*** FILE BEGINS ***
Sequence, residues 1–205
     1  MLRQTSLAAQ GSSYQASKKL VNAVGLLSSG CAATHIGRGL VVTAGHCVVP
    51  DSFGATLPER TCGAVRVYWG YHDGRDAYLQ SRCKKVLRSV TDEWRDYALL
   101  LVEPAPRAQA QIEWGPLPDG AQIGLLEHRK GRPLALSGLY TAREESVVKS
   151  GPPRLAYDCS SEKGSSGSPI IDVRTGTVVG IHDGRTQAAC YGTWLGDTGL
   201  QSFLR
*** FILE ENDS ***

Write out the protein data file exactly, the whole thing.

Sequence, residues 1–205
     1  MLRQTSLAAQ GSSYQASKKL VNAVGLLSSG CAATHIGRGL VVTAGHCVVP
    51  DSFGATLPER TCGAVRVYWG YHDGRDAYLQ SRCKKVLRSV TDEWRDYALL
   101  LVEPAPRAQA QIEWGPLPDG AQIGLLEHRK GRPLALSGLY TAREESVVKS
   151  GPPRLAYDCS SEKGSSGSPI IDVRTGTVVG IHDGRTQAAC YGTWLGDTGL
   201  QSFLR